212 reputation
16
bio website none
location Germany
age 30
visits member for 3 years, 7 months
seen Sep 8 at 9:30

May
9
comment Is this typeface intentionally so uneven, or is this some display error?
@Ryan no, I just compared it to a LaTeX paper which uses no deviation of the standard stale, just a normal \documentclass[a4paper,10pt]{article}, which should be in Computer Modern. It sets nicely, very even and legible.
Jul
5
comment How to create a pictogram representing “experimental therapy”?
Thank you very much. I was afraid that a simple beaker with a question mark looks like "get his lab results", but the idea was really helpful, I used it for the final version - see my answer for it.
May
23
comment How can I ensure that a .pdf file I sent to a publisher has the same layout as on my computer?
We couldn't find the exact problem, but I imagine this could have been the culprit.
Apr
15
comment How can non-designers learn to approve a print layout?
@Philip Regan, you probably work in a company which does lots of publishing. 99% of the text we create at work won't be ever read by anybody not on our team. Any styling more complicated than what we are using here in Stack Exchange posts is just overkill for our daily work. Every one of us produces maybe 2-3 documents for publishing per year, and we place much more emphasis on the content than on the design (just like our readers). We are inexperienced, that's why it doesn't go smooth.
Apr
15
comment How can non-designers learn to approve a print layout?
@Philip Regan Typography is (luckily) given in the guidelines, and I know grammar and punctuation reasonably well. But maybe what I need is a good source to learn the very basic rules of layout. I agree that an artist should be allowed to place an image asymmetrically; for me, it is enough to center it, but I need something to remind me to check if a jerky mouse movement hasn't shifted it a bit to the right, because I don't have the eye to notice that something is amiss when I just look at the page.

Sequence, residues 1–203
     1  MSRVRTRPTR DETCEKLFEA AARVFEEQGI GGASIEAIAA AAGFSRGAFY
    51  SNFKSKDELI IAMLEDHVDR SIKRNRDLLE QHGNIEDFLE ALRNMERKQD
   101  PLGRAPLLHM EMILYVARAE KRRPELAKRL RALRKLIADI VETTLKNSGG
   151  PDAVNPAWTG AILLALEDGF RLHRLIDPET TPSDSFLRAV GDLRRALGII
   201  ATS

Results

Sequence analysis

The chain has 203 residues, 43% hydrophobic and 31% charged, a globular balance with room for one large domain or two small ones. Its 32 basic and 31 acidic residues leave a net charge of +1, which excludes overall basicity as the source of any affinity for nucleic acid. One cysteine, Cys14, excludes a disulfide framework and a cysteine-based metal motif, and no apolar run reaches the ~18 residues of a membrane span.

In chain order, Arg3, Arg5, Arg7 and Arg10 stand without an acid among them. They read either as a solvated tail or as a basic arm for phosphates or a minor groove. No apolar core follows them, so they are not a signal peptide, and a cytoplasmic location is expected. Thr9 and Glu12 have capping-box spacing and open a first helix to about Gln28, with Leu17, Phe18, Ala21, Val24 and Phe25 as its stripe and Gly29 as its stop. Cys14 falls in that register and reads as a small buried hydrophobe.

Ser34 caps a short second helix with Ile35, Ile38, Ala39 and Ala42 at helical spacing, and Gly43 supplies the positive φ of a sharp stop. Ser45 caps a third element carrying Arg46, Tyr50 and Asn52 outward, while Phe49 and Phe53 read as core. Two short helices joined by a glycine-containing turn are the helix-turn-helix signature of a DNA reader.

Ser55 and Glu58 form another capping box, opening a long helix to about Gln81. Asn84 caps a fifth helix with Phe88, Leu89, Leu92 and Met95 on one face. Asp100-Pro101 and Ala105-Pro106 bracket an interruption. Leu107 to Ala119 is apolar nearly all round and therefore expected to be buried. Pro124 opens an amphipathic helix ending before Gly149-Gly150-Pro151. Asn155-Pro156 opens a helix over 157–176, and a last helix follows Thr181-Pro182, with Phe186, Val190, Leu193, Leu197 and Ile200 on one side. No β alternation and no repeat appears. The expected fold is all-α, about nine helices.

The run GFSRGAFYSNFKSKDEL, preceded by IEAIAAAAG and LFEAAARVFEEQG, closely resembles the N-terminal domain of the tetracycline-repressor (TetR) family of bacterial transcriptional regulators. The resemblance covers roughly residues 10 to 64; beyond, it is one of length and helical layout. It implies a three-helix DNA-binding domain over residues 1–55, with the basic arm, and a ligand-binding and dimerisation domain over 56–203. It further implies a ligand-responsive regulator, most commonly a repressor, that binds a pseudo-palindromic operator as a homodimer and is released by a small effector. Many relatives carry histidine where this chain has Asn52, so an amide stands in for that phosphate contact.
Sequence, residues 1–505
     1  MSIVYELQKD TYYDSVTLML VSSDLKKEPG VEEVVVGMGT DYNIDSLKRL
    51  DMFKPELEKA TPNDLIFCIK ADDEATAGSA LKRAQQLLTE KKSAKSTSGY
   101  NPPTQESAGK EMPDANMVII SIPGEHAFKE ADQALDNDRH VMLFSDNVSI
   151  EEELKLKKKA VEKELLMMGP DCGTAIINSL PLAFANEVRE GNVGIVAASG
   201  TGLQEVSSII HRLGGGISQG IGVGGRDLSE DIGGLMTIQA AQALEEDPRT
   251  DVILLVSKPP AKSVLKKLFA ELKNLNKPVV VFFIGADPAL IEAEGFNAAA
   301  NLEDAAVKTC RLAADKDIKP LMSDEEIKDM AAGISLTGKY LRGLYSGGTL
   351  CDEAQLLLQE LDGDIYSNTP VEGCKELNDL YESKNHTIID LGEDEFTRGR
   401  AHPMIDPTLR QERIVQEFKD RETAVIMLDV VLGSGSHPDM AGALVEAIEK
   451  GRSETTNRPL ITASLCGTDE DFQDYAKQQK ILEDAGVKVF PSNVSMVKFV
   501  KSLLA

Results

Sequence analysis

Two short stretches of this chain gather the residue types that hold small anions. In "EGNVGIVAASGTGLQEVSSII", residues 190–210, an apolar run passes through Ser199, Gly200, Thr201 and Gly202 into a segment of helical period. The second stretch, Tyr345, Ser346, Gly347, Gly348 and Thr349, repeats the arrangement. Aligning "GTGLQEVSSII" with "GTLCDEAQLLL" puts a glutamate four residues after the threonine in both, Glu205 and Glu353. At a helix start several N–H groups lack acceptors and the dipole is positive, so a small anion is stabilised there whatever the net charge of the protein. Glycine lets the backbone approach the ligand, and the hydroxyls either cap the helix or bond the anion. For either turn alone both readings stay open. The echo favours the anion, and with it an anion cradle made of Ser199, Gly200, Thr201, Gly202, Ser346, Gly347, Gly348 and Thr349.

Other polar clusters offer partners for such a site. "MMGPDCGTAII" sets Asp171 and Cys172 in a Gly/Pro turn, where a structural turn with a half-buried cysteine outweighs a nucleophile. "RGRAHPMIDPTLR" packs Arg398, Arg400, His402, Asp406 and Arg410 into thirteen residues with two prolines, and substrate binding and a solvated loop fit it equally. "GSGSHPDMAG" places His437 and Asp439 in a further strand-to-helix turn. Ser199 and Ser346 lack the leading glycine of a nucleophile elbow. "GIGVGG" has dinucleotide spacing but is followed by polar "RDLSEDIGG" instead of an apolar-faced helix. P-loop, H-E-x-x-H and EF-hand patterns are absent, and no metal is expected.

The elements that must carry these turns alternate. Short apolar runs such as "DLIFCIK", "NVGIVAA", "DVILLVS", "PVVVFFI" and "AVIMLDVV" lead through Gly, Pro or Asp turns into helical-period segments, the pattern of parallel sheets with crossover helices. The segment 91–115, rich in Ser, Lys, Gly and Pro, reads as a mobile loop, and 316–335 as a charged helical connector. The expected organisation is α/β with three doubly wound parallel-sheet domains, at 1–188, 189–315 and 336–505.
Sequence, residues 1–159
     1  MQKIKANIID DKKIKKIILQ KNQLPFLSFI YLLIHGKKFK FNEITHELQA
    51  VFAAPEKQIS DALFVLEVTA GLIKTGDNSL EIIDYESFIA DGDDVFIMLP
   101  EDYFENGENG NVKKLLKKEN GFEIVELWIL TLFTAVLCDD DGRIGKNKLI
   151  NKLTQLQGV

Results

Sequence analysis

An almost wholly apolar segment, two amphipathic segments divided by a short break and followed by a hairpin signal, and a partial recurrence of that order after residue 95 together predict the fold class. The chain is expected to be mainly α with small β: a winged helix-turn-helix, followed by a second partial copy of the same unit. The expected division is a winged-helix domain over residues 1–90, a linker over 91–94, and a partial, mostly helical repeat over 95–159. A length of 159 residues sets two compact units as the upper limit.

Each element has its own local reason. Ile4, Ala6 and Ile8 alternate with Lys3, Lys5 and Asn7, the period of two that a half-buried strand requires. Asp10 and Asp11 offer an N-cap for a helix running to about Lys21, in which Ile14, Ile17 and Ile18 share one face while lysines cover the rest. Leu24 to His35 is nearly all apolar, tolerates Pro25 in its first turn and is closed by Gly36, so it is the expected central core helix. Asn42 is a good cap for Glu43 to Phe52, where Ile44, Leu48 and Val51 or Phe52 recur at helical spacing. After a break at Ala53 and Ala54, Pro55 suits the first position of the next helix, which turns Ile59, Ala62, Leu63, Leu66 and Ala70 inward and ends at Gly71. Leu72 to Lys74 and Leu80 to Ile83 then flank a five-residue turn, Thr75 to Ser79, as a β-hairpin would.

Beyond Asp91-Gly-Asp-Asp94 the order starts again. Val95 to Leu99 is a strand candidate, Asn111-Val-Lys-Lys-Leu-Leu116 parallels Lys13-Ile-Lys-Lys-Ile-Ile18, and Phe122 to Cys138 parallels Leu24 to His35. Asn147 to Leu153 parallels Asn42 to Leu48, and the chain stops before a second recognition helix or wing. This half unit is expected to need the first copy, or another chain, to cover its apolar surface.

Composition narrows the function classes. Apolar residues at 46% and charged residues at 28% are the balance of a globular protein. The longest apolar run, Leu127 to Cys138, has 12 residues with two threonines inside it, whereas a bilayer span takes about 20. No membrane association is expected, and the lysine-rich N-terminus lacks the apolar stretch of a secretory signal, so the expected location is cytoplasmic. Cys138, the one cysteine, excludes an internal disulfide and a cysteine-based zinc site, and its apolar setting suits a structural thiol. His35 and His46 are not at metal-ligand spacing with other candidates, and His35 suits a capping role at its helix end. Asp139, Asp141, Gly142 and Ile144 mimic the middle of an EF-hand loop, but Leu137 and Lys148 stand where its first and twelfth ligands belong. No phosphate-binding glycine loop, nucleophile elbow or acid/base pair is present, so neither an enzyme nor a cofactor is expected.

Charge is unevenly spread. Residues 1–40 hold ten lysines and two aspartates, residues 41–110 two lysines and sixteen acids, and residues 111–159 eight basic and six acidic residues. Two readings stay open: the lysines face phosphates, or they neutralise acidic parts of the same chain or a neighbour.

Apr
15
comment How can non-designers learn to approve a print layout?
There are (short, simple) guidelines, but they are mostly already incorporated in the template anyway, as in "body text must be Times New Roman size 9". Some can be checked, like "There should be no empty line between a heading and the following paragraph". But then there are some which are probably too much "common sense" to have been listed explicitly, like the thing about the table margin. It seems that my co-workers just catch these, while I don't. And LaTeX is quite rare, because most prefer Word. There is no budget for a professional proofreader on our side.
Apr
15
comment How can non-designers learn to approve a print layout?
I find this very sensible, only it looks like I am very innovative in my mistakes. If I can find a standard checklist, I'll use both.
Apr
15
comment How can non-designers learn to approve a print layout?
On the "includes the set of everything" problem: I hoped that somebody has noticed which areas are most likely to break silently (I would notice a stray bold word in the middle of the text, so I don't need to be reminded of that) and has made a compilation of "problem areas" such as "If a column includes anything different from body text and headings, check the margins, the last line before and the first after the unusual object".
Apr
15
comment How can non-designers learn to approve a print layout?
On the proposal for assembly lining: Once the layout broke when we had almost everything ready (a coauthor opened the Word 2007 document in OpenOffice, made important changes, and saved in an OpenOffice format). I had to recreate the whole formatting from scratch. I still had lots of errors to repair when submitted. Besides, I can't/am not allowed to compose without the final formatting.
Apr
15
comment How can non-designers learn to approve a print layout?
@Philip Regan I don't decide the final look, the conference organizer does. But he doesn't get to see the paper after he has approved the content. There is a publisher who combines all contributions to a book called "proceedings" and takes care of printing, but he is not allowed to make any changes to the files I am sending him, not even to remove an empty line which got inserted after a heading - he must tell me the line is there and I must send the new file.
Apr
15
comment How can I ensure that a .pdf file I sent to a publisher has the same layout as on my computer?
@e100 This is the term we are given by the conference organisers and the publishers. I can understand why they appropriated it even if it doesn't fit; it communicates clearly to authors that the paper now has to look really good.
Apr
15
comment How can I ensure that a .pdf file I sent to a publisher has the same layout as on my computer?
Sorry if I wasn't clear. To convert, I used "Print -> Adobe PDF" in Word (because "Save as" doesn't let me change the settings for embedding fonts). Both files you can see in the picture are PDF, one as I submitted, the other one as they received. I am accustomed that a pdf sometimes looks different than the doc. I edited the question to make it more clear.